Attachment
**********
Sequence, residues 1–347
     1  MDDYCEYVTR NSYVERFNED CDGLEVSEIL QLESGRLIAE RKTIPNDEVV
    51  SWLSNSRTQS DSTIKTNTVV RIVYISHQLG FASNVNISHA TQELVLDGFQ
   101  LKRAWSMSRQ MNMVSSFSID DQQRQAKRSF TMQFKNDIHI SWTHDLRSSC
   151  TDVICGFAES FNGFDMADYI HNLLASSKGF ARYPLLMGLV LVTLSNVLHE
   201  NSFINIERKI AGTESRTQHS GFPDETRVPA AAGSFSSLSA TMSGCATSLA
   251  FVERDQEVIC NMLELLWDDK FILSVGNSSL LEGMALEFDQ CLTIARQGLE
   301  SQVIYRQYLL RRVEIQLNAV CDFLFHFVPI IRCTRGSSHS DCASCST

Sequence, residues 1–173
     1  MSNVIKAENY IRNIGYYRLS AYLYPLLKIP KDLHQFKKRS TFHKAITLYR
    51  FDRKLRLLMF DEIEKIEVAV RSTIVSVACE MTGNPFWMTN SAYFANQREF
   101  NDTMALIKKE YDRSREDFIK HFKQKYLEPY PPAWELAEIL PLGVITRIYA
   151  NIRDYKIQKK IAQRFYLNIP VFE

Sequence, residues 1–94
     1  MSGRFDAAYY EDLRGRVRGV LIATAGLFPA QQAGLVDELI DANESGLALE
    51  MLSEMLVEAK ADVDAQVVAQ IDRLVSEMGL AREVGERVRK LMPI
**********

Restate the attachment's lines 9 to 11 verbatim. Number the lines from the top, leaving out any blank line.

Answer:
Sequence, residues 1–173
     1  MSNVIKAENY IRNIGYYRLS AYLYPLLKIP KDLHQFKKRS TFHKAITLYR
    51  FDRKLRLLMF DEIEKIEVAV RSTIVSVACE MTGNPFWMTN SAYFANQREF